Call it a lost decade. The value factor recently marked 10 years of decline in the U.S.
The two most common measures of the value factor: the Fama-French HML factor and the MSCI Barra Value pure factor—both displayed below—point to low returns over the last 10 years, in sharp contrast with the previous decade.
Performance of the value factor (01/31/2006 to 01/29/2016)
The investable indexes that aim to reflect the value factor, whether through fundamental weighting or a sector-neutral value approach, show this shortfall as well. We can attribute the sources of underperformance of these strategies by examining the MSCI USA Enhanced Value Index, which combines securities of large- and mid-capitalization stocks that have low price-to-book value, price-to-forward earnings, and enterprise value-to-cash flow from operations ratios in a sector-neutral index.
As the chart below shows, the index tilts substantially toward the value factor, as expected. However, the index’s relative performance attributed to factors comes primarily from its exposure to momentum and earnings yield, both of which contributed positively to return, whereas value contributed only minimally.
Average active exposure and cumulative contribution to return for MSCI USA Enhanced Value Index using MSCI US Total Market Equity Model for Long-Term Investors (01/31/2006 to 01/29/2016)
So what to do from here?
At the core of value investing is the belief that relatively cheaply valued assets tend to outperform richly valued assets over a long horizon. As I wrote recently, the value factor, which by definition is inexpensive relative to the market, is particularly inexpensive lately compared with its historical average.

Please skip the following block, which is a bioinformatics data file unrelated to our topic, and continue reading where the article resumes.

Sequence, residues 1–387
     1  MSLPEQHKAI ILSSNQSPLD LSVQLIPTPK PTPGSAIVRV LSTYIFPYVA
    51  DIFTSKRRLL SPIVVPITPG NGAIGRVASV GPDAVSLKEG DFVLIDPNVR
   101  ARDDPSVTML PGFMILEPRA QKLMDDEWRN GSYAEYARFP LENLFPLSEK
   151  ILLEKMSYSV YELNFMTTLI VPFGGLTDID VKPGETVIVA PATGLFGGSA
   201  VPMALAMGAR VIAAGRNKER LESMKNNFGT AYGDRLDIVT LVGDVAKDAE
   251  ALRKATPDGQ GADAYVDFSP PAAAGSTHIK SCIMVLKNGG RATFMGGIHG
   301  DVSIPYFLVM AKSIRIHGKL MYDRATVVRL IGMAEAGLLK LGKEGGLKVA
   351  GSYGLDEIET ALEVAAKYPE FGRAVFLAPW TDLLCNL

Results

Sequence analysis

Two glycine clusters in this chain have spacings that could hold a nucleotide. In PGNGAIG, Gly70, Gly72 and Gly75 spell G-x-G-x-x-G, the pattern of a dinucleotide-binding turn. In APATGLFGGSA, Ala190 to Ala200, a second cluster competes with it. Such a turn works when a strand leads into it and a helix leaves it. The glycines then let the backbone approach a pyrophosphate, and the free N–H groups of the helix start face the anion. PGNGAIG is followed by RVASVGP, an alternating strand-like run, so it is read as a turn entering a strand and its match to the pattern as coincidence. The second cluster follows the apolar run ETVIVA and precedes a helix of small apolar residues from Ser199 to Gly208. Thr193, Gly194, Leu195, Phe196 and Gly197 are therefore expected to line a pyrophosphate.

Value has been among the most resilient and well accepted of factors for more than 80 years. In MSCI’s experience value almost always appears among factor allocations in institutional portfolios.
The value factor seems likely to revert to its mean eventually based on changes in the macroeconomy. A recent study by MSCI that analyzed the sensitivity of our factor indexes to changes in GDP found that the value factor has exhibited high sensitivity to growth over the long run.
Still, the performance of value over the past decade reminds us that factors can experience long periods of underperformance. The ability to fully capture the risk premium associated with factors requires either extraordinary timing or the ability to remain fully exposed through the whole cycle.
Fortunately for investors, factors cycle independently of one another. That is why MSCI has long highlighted the advantage of combining factors such as value, momentum, quality and low volatility—which display different drivers of performance—into allocations. For example, over the decade that ended Jan. 29, an index that combined value, size, quality and momentum would have returned 7.3% annually compared with 6.6% for one that tilted solely towards value.
Comparing the MSCI USA Diversified Multiple Factor Index and the MSCI USA Enhanced Value Index
*Gross returns annualized in USD for the 01/31/2006 to 01/29/2016 period
**Annualized one-way index turnover for the 01/31/2006 to 01//29/2016 period
***Monthly averages for the 01/31/2006 to 01/29/2016 period